Russian official predicts 'catastrophic' events
AFP via Sydney Morning Herald
April 24, 2003
A top Russian Foreign Ministry official was quoted as saying yesterday in
Tokyo that a "catastrophic" development of events in the US-North Korean
nuclear standoff was imminent and could occur within the next day.
"It is probable that, as early as tomorrow, there will be a catastrophic
development of events," Itar-Tass quoted Deputy Foreign Minister
Alexander Losyukov as saying.
He added that the standoff had "reached an extreme stage" but did not
give a more detailed explanation about his warning.
Losyukov holds the Asian affairs brief in the ministry.
His comments came as US Asia envoy James Kelly had a first round of
low-key nuclear talks in Beijing with "axis of evil" foe North Korea.
Losyukov said that Russia would welcome progress in Kelly's negotiations
with Li Gun, the North Korean Foreign Ministry's deputy director for US
affairs and a former senior member of his country's delegation to the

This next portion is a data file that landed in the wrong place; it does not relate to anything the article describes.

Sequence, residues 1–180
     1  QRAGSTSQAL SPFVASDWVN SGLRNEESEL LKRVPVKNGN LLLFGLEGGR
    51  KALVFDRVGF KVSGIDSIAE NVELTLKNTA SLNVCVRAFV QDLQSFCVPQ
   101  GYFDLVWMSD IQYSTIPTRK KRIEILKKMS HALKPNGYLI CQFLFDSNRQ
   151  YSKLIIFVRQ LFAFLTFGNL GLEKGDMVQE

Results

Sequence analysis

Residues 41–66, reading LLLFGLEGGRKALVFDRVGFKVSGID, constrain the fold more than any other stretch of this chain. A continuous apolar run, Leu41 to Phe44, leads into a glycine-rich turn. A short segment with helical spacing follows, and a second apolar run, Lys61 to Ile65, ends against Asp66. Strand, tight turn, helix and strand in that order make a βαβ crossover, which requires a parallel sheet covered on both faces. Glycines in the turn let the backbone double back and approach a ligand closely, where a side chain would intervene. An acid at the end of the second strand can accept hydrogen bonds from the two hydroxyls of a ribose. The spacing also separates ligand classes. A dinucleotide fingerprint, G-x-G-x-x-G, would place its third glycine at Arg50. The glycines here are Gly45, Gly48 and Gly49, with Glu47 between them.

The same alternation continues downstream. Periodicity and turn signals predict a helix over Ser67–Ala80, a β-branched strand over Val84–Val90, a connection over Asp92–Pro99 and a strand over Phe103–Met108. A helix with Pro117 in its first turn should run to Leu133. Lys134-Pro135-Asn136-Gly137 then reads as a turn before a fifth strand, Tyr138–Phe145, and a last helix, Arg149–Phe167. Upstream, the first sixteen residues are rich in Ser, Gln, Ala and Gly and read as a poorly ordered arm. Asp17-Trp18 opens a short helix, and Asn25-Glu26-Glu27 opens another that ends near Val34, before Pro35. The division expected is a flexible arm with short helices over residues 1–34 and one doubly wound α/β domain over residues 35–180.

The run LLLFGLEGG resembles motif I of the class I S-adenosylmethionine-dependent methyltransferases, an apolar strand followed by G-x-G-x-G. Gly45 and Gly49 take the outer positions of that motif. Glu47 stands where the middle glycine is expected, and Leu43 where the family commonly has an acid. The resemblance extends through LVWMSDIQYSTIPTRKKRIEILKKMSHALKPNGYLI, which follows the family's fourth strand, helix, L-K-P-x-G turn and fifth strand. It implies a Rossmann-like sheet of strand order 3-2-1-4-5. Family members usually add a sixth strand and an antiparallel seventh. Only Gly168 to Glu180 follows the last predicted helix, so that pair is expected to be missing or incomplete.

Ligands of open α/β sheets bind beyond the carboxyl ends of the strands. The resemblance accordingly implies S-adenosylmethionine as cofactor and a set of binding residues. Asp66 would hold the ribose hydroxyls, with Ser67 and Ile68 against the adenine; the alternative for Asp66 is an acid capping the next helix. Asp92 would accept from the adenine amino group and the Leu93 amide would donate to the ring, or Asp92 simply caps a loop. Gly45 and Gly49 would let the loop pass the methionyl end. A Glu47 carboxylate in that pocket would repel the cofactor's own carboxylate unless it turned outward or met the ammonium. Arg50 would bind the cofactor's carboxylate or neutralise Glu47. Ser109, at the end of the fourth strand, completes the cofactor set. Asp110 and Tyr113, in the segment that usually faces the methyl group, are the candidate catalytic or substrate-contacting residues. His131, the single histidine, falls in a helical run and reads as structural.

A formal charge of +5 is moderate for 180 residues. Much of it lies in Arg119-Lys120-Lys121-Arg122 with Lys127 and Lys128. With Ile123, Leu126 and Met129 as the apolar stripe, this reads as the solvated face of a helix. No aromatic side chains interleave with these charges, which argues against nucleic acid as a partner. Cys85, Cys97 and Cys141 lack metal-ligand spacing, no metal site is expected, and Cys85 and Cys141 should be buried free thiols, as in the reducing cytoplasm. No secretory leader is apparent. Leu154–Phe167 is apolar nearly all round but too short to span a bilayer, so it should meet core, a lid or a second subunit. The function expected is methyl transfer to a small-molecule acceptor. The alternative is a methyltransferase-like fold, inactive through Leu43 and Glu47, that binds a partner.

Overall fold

"If the danger is defused, we would only welcome this," Losyukov said.
China was represented by Fu Ying, director of the Foreign Ministry's
department of Asian affairs, but Russia - which had sought to play a role
in mediating the Washington-Pyongyang standoff - was excluded.
Losyukov said Russia did not feel snubbed by the decision.
Russia "does not feel left out or hurt," said Losyukov, whose comments
came after a meeting with top Japanese Foreign Ministry officials.
Moscow had pushed for direct talks between North Korea and the United
States and argued against Washington's demands for a multilateral format
for such negotiations.
But Beijing managed to broker a compromise deal that would see the two
sides hold talks with China as an active third party.
Those may be later joined by South Korea and Japan -- but Russia's own
role in the negotiations seems uncertain.
President Vladimir Putin has enjoyed privileged relations with North
Korean leader Kim Jong-il. He has met the reclusive Stalinist three times
over the past two years and Moscow diplomats have insisted that they were
still hard at work in trying to resolve the nuclear standoff.
Moscow "is doing all it can in the diplomatic arena," Losyukov was quoted
as saying. He gave no further details.